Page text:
And as Prudent Investor points out, Hypo is likely only the tip of the iceberg:
Hypo Alpe Adria is certainly one of the smaller problems that the Austrian government faces. Both exchange listed banks, Erste Group and Raiffeisen still have to come forward and announce their East European subsidiary losses which had so far been hidden under Austrian accounting rules that allow banks to keep asset prices at the purchase level as long as they are part of the fixed assets of a bank.
And only yesterday (Tuesday) Die Presse reported that the Austria's three banking supervisory authorities FMA, Fimbag and the Austrian central bank have discreetly put Oesterreichische Volksbanken, the 4th largest bank in the country, under surveillance, fearing that it may become yet another casualty of the spreading banking crisis, although news wires have reported this morning that the bank has said that there is no need for it to be nationalised.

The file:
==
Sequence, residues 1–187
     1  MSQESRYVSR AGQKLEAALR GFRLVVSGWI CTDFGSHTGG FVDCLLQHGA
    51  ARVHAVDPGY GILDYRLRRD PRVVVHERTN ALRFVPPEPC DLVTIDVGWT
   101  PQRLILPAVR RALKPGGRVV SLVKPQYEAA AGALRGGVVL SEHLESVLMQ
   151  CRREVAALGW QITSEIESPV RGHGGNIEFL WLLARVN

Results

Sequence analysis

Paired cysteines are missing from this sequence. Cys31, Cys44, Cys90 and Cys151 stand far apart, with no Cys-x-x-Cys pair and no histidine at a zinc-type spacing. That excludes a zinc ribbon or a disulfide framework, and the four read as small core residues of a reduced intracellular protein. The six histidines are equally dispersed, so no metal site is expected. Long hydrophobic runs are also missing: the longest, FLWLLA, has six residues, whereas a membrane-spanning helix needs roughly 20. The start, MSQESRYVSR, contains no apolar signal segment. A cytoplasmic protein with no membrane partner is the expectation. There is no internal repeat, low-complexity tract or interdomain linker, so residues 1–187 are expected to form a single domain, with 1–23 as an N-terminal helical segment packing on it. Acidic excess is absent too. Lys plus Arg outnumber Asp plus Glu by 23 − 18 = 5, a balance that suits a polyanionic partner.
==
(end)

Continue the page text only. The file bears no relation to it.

Hypo, which is the sixth-largest bank in Austria, expanded rapidly into the Balkans in recent years, and these will be the countries most immediately affected by this weeks Austrian decision. And the Balkans, it should be remembered, is a region where Greek banks are also significantly exposed. In particular, the implications of what just happend seem to be quite important for Slovenia. Hypo (Klagenfurt) has subsidiaries in every ex-Yugoslavia state, but in Slovenia media are reporting that it is not the slovenian branch of Hypo itself which in trouble, but Hypo leasing, which has more than a 30 % market share in the Slovenian leasing business and around 60 % of the real estate and mortgage business.
Hypo have also been heavily involved in lending to the financial holding company Istrabenz which has itself been the big news local story in recent weeks, keeping bankers, polititians and most of the public in Slovenia well occupied during most of 2009. Istrabenz seems to be leveraged like a typical hedge fund, with the slight negative detail that they have almost no cashflow. A consorium of 19 banks (Slovenian and Austrian) are currently busily trying to recover something from the total of around 1 billion euros which was lent to Istrabenz.
A friend of mine who is an analyst in Slovenia sent me this mail this morning: